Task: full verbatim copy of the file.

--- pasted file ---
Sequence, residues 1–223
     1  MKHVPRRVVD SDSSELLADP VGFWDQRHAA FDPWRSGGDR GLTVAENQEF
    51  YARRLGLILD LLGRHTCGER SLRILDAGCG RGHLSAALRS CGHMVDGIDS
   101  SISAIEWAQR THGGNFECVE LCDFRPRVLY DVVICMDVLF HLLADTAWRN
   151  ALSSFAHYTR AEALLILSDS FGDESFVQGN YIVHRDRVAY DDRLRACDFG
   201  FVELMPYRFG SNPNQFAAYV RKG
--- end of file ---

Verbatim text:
Sequence, residues 1–223
     1  MKHVPRRVVD SDSSELLADP VGFWDQRHAA FDPWRSGGDR GLTVAENQEF
    51  YARRLGLILD LLGRHTCGER SLRILDAGCG RGHLSAALRS CGHMVDGIDS
   101  SISAIEWAQR THGGNFECVE LCDFRPRVLY DVVICMDVLF HLLADTAWRN
   151  ALSSFAHYTR AEALLILSDS FGDESFVQGN YIVHRDRVAY DDRLRACDFG
   201  FVELMPYRFG SNPNQFAAYV RKG